Of course it is a wonderful thing to have hilarious shows and great movies at your fingertips, available whenever you want to watch them; but its also a little dangerous.
Not in a ‘safety hazard watch-your-step’ kind of way, but more in a ‘it is possible to watch too much TV’ kind of way.
I think just about any person can admit to having used Netflix as a form of procrastination. In college it was my main form of avoiding work. And it worked very well, I must say. Hello, Gossip Girl isn’t going to watch itself!
A few weeks ago, after seeing it pop up on my Netflix home page repeatedly, I decided to try ‘El Gran Hotel.’
A period drama that takes place in Spain in the early 1900’s, the story centers around a beautiful couple who is not supposed to be together as she is the daughter of the owner of the hotel and he is a footman. Add in some murders, theft, betrayal, beautiful clothes, incredible scenery and it turned out to be a vividly exciting watch.
I successfully watched 66 45 forty-five minute episodes in 10 days.
Moderation is key, and I definitely did NOT succeed in practicing moderation with ‘El Gran Hotel’, I do not advocate watching a whole show in less than two weeks. Seriously.
But that isn’t really the point of this. You can say that in moderation, Netflix, Instagram, Twitter, Facebook, and good ole’ regular TV aren’t bad. The problem is that sometimes we unconsciously let what we watch on TV or are exposed to on social media come unbidden into our thoughts and expectations about the world around us. The real world.
For example, the forbidden love between the protagonists in ‘El Gran Hotel’ is full of perfect moments in a beautiful place with music playing in the background, poetic (and uber dramatic) phrases and way too many scenes with them speaking way too close to each other, (seriously, who stands that close to someone while they’re talking?) While it was thrilling to watch, I had to remind myself that it wasn’t real.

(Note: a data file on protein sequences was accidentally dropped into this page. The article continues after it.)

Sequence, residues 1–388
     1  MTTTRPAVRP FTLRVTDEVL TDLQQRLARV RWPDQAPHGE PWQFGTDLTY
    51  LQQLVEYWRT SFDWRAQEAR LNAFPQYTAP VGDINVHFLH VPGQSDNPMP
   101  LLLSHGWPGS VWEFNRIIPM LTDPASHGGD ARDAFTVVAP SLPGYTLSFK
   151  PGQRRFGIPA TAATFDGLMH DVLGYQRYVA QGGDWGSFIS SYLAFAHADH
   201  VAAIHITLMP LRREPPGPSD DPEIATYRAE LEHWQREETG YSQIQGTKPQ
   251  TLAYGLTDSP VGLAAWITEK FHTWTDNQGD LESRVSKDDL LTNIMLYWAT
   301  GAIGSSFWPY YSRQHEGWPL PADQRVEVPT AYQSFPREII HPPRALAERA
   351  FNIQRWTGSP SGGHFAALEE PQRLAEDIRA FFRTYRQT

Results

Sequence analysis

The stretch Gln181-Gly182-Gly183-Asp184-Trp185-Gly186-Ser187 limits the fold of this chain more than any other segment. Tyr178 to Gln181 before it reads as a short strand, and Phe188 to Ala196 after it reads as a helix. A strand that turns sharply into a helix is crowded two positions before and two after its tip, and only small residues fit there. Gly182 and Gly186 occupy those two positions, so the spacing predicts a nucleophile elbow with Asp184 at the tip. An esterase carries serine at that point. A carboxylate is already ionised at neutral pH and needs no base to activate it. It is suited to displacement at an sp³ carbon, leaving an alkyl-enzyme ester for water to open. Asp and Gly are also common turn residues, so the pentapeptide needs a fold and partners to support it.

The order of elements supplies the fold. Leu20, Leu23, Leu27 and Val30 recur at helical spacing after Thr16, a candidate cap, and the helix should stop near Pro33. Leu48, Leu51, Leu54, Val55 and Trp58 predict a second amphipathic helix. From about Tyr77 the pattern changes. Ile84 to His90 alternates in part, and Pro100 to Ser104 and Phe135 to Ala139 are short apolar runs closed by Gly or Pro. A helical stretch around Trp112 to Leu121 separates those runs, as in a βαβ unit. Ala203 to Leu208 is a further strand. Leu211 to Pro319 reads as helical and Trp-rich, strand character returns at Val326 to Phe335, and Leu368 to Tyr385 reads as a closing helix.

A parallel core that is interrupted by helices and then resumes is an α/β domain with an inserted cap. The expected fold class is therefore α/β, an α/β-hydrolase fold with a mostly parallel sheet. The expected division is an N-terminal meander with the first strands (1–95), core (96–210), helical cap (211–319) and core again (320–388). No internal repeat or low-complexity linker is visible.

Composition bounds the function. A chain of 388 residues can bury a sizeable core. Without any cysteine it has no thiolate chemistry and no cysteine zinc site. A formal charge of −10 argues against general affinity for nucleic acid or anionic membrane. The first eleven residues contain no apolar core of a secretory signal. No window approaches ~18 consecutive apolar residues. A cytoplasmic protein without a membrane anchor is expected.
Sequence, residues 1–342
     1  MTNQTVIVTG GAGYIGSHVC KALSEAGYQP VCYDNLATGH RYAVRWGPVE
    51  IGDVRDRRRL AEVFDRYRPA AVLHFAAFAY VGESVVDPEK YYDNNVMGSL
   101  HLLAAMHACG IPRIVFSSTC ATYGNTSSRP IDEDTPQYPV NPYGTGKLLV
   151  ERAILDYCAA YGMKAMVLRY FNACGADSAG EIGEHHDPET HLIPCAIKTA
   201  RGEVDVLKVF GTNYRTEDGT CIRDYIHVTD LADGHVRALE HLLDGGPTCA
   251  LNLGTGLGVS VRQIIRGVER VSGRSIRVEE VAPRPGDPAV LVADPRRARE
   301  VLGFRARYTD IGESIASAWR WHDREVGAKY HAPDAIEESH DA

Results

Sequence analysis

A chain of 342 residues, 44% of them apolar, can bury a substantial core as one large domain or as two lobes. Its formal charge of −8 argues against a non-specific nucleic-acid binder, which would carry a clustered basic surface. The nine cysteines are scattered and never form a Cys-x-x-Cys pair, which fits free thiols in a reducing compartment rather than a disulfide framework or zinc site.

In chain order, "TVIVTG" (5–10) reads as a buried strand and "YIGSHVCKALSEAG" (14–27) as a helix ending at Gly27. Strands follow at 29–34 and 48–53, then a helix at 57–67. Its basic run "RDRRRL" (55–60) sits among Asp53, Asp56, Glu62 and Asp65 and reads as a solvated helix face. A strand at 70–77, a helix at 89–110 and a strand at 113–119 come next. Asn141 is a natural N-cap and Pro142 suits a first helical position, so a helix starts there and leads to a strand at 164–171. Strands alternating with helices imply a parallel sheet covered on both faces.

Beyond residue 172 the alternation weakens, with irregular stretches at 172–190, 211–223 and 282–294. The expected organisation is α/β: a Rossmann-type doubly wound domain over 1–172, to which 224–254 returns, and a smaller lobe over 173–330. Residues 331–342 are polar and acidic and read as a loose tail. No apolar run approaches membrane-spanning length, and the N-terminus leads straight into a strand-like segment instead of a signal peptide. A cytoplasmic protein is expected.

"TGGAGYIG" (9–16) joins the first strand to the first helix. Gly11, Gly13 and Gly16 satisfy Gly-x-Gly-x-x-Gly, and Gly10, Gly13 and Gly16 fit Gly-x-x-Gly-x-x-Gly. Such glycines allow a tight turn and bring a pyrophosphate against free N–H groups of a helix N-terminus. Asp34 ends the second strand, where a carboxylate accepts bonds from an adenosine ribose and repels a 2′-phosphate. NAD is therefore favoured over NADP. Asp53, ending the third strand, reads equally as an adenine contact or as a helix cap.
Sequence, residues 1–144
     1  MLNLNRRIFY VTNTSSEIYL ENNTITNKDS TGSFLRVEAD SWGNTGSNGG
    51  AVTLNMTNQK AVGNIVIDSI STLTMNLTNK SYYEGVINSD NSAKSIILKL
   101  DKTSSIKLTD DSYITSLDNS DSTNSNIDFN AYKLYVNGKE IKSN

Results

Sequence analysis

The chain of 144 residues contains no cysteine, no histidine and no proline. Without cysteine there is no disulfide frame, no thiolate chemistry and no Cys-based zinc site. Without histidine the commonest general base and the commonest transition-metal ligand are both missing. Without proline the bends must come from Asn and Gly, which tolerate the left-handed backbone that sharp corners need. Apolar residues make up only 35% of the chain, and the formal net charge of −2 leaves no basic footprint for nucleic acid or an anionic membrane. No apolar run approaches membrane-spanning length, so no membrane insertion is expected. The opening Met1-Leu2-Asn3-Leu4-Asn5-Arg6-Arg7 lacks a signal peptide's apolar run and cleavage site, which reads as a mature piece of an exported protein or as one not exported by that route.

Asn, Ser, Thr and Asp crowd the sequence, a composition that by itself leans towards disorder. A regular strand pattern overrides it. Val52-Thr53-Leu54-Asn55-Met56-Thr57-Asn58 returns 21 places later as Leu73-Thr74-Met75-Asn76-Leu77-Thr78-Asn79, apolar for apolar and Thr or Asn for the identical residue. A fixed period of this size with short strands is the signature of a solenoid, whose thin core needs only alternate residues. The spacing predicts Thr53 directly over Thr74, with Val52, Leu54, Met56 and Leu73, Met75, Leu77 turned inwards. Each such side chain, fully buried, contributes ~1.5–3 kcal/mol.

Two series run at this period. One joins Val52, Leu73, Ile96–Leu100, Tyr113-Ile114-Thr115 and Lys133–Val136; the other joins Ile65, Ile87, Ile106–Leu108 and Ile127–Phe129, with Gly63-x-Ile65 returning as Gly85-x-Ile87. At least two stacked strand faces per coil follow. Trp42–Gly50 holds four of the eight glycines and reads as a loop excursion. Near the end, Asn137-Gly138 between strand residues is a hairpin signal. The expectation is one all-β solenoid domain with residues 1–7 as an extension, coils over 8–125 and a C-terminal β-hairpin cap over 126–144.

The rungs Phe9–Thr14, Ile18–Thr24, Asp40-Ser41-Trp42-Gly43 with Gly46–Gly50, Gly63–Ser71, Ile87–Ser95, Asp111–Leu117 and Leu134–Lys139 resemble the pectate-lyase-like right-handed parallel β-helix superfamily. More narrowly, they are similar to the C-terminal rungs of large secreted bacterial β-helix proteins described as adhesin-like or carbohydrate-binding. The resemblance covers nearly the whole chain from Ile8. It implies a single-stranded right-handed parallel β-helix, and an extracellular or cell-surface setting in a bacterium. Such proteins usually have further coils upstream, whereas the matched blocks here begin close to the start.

Too often we see the shows, the movies, the posts, the Tweets and unknowingly process it the same way we do anything else. As reality.
In fact, our brain cannot tell the difference between an experience you are having and an experience you are merely watching.
Therein lies the power of media. We like to see beautiful couples on TV because our brains have a rush of endorphins the same way as if we were the beautiful couple. Then our conscious mind kicks into gear and differentiates what you are watching from what is your reality, leading to the instigator of much distress: comparison.
In fact, there recently was a study I read about that showed that women who spend more time on Facebook are more likely to be depressed. Because they process what they are seeing as reality only to then perceive a dissonance between the happy, upbeat posts of others and their own lives. And women who spent increased amounts of time scrolling through the ‘Beautiful People’ tab on Pinterest actually experienced a shift in what they considered to be beautiful; (a heavily edited picture of Kate Middleton is not the definition of pretty, okay people!)
My point isn’t to ban you from watching your favorite TV show or from ever going on Pinterest ever again, but to remind you of the influence what we see, hear and read can have on us. I encourage you to do (what I am doing now) and to take a break from the inflow of information that doesn’t speak truth. Not only is that detrimental to our emotional health (and potentially productivity levels), but it also can become a crutch. Something to lean on when you are upset/irritated/lazy instead of facing the issue head on.
Entertainment is not therapy and is not a solution to any of your problems.
Watch a documentary or a mystery show (along the lines of Sherlock) instead of Pretty Little Liars. Ditch the romance novel and seek out a biography of someone you’re interested in, a memoir, or a book on spirituality, health or wellness.
Watch YouTube videos that inspire you, and every time you open Instagram/Twitter/Facebook, remind yourself that often what is posted there is designed for us to perceive individuals as they want to be perceived instead of how they actually are.
Live your live and thrive on the richness it is to be you, don’t wish away your problems after watching one too many episodes of Gossip Girl. Be thankful for what you have and who you are; there is more beauty in that than in any amount of ‘Beautiful People’ pictures or romantic scenes between actors.